He spent a lot of time in the second division of French football, with Wenger’s three years in Ligue 1 yielding just 11 appearances. The current FIFA Director of Development lacked the pace, power and agility to make it in professional football and retired at the age of 32 after spending 12 years as a player.
However, that only marked the start of a glorious chapter. Wenger developed his tactical acumen during his time as a player, which gave him a keen insight into the game.
Before spending over 20 years at Arsenal as one of their longest-serving and best managers, Wenger was at the helm of Monaco, AS Nancy and J-League side Nagoya Grampus. The Frenchman will forever be remembered for leading Arsenal's 'The Invincibles' in the historic 2003-04 Premier League season.
#2 Jurgen Klopp
While the German will always treasure his time in the dugout, he might not be overly proud of his career as a footballer. Klopp had begun his playing career at local side Ergenzinge, in the third tier of German football.
After a one-year spell at the club, he was signed by top-tier side Eintracht Frankfurt’s reserves. However, he failed to break into their first team and would go on to play for lower-league sides, Viktoria Sindlingen and SG Rot-Weiss Frankfurt, before retiring in 2001 with FSV Mainz.
Klopp left Mainz as a player only to be signed on almost instantly as their manager. The impact was immediate. Mainz finished in the top 4 in the second league after finishing 14th in the preceding season.
In just three years, the German led Mainz to the Bundesliga, the top tier of German football. He received job offers from the likes of Bayern Munich and Borussia Dortmund.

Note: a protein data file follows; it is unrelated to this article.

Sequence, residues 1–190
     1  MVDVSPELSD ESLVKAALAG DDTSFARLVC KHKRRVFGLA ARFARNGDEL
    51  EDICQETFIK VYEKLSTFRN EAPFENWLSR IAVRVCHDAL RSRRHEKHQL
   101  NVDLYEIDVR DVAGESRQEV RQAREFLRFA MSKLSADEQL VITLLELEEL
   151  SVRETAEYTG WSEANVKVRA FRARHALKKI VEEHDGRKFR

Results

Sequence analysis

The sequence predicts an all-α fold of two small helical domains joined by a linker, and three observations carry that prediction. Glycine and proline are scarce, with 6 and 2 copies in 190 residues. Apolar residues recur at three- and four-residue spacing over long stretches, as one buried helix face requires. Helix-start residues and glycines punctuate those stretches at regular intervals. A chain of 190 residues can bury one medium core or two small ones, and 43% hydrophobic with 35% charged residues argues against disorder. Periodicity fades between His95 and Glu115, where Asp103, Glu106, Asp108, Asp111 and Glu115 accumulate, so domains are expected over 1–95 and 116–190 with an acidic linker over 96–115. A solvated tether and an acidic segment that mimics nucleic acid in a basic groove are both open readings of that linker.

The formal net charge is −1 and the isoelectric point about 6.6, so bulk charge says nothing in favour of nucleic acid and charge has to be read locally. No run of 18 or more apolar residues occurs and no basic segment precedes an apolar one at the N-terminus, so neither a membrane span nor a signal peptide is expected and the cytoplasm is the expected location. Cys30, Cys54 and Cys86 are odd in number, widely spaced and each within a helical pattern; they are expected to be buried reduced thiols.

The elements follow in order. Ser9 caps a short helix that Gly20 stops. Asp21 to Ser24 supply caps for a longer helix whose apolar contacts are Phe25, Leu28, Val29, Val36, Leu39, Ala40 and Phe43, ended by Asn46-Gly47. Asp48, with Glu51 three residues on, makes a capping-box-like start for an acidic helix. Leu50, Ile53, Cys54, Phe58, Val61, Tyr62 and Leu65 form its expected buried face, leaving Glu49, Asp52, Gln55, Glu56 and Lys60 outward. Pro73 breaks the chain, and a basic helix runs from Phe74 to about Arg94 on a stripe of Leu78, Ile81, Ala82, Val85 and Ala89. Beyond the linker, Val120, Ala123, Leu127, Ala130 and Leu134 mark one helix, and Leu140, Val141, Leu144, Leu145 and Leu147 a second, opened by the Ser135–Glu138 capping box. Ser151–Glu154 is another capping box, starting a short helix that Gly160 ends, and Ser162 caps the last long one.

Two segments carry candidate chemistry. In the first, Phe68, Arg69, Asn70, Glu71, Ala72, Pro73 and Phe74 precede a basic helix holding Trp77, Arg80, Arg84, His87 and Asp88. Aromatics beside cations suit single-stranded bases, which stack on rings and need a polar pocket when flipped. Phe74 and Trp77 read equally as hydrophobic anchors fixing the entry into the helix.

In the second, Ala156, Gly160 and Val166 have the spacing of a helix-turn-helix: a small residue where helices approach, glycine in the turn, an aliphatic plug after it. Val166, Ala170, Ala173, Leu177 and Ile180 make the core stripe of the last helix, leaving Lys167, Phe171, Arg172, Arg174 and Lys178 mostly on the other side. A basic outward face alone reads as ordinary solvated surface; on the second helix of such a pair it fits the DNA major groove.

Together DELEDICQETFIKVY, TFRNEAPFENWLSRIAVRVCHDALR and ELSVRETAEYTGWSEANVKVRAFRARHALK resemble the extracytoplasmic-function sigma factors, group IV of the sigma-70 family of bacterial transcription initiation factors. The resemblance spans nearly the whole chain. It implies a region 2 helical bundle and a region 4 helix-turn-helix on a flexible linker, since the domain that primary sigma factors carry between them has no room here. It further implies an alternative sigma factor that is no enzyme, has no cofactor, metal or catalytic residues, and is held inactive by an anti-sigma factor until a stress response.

Klopp earned his immense reputation for his time at Dortmund - where he halted Bayern Munich’s domination, winning the Bundesliga twice. The 53-year old then oversaw Liverpool’s first league title in the Premier League era, along with helping the Reds win their Champions League title in 14 years.
#1 Jose Mourinho
The self-proclaimed 'Special One' is inarguably one of the best brains in modern football, with a trophy cabinet comprising of the most prestigious titles in club football.
Mourinho’s tactical acumen and managerial pedigree are second to none. While football fans love or hate him, one cannot deny the massive impact he’s had in 21st-century football.
The Portuguese has three Premier League trophies, two Champions League titles and two Serie A titles, and was the World’s Best Club Coach at four different clubs - Real Madrid, Inter Milan, Chelsea and Porto.
Mourinho is also one of the few managers to win the Champions League with two different clubs - Inter Milan and Porto - the latter marking the beginning of the legend of the 'Special One'. In total, Mourinho has won eight domestic league titles, 13 League Cups and four European trophies, including two Europa League titles with Manchester United and Porto.
While any manager would envy his stellar achievements, Mourinho failed to make it as a footballer.
He wanted to follow in the footsteps of his father, Felix Mourinho, who won the Casa De Portugal twice. The 58-year old started his playing career under his father at Rio Ave and would go on to play for three more Portuguese clubs in a career that lasted seven years.
But he would go on to enjoy far greater success on the other side of the touchline.